Atlanta Ordered To Pay $1.2 Million To Fire Chief After His First Amendment Rights Were Violated


In a huge victory for freedom of speech and religion, On Monday, The Atlanta City Council voted to pay $1.2 million in damages as well as attorneys’ fees to former Fire Chief Kelvin Cochran, who was fired in 2015 over his 162-page book written for men in his church that advocated for a Biblical view of marriage and sexuality.

A December 2017 ruling found that the city discriminated against Cochran and violated his First Amendment rights by firing him for expressing Christian views with which they disagreed with.

The council agreed on Monday to pay out $1.2 million to the former chief for damages and attorneys’ fees, reports Alliance Defending Freedom (ADF), the organization that represented Cochran.

“The government can’t force its employees to get its permission before they engage in free speech.  It also can’t fire them for exercising that First Amendment freedom, causing them to lose both their freedom and their livelihoods,” said ADF Senior Counsel Kevin Theriot.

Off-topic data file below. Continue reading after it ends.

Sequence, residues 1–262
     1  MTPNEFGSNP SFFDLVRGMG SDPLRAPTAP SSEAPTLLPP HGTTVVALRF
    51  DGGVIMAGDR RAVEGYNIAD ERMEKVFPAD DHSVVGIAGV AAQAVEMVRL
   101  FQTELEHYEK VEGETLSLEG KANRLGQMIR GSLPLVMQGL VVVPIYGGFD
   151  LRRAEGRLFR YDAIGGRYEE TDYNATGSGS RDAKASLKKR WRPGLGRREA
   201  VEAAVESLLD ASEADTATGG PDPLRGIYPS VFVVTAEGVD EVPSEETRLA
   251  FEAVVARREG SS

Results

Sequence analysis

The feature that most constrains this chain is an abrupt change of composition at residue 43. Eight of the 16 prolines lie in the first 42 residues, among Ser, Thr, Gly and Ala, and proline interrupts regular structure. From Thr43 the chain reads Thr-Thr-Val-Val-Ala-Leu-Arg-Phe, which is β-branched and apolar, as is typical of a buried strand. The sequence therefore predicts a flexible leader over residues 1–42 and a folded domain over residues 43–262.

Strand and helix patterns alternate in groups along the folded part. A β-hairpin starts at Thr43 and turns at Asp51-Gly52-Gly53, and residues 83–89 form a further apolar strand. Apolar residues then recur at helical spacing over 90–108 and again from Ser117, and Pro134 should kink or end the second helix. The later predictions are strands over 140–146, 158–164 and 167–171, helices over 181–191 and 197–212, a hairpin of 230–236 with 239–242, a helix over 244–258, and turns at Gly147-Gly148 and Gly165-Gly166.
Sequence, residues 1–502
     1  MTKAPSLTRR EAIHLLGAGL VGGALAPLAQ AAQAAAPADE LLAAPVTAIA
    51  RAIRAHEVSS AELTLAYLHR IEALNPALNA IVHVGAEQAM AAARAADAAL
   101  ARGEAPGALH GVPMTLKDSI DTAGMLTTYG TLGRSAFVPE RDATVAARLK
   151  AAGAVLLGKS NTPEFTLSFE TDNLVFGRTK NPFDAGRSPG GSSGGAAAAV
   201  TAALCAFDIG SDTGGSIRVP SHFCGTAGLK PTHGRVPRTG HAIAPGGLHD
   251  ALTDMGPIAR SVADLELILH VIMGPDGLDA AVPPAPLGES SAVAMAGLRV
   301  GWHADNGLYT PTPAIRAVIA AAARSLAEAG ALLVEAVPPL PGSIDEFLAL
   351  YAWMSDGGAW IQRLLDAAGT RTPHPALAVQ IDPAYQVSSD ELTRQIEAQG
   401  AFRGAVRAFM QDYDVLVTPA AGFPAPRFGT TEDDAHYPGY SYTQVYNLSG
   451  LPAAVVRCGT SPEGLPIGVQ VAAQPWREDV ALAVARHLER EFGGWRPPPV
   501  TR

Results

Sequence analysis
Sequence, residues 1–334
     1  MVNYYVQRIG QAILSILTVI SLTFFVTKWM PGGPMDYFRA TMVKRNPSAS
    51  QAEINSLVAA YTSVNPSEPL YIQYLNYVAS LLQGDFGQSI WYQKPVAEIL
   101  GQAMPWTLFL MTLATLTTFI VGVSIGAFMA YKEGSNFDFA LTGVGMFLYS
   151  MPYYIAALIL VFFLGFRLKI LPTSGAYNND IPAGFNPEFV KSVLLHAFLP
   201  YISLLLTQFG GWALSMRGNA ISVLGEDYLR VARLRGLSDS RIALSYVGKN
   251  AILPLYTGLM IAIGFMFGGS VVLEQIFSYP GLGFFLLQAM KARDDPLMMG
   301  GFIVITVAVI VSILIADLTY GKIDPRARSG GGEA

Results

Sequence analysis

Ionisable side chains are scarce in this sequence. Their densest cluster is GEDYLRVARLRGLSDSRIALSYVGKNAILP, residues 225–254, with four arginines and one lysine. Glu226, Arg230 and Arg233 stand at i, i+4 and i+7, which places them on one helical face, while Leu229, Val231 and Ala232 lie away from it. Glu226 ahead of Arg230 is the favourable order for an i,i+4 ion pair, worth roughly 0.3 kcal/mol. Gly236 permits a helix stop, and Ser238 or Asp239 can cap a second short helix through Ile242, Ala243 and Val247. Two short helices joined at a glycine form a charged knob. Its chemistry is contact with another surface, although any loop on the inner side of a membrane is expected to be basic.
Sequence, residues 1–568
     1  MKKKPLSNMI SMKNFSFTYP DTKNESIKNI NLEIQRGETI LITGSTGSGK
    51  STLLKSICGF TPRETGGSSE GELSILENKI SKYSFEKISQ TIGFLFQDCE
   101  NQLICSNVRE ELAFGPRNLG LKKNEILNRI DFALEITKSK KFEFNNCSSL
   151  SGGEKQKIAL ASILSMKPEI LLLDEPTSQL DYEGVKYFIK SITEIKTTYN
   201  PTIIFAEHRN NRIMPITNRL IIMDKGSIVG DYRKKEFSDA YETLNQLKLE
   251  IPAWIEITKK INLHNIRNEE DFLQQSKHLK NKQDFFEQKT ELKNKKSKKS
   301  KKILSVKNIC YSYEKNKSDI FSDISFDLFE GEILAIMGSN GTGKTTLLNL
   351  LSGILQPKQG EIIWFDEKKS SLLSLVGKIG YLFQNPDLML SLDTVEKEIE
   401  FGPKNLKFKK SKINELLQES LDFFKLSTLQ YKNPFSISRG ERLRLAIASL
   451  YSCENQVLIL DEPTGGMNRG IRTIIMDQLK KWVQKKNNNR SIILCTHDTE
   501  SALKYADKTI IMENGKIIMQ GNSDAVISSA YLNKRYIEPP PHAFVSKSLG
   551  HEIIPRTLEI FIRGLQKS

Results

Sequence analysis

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Cochran had been suspended for 30 days without pay and told he had to attend “sensitivity training” by the city after the devotional book meant to guide men on how to be better husbands and fathers was distributed. Although after an internal investigation from the city found Cochran in no way discriminated against anyone, he was still terminated from his post.

Watch Cochran’s Story:

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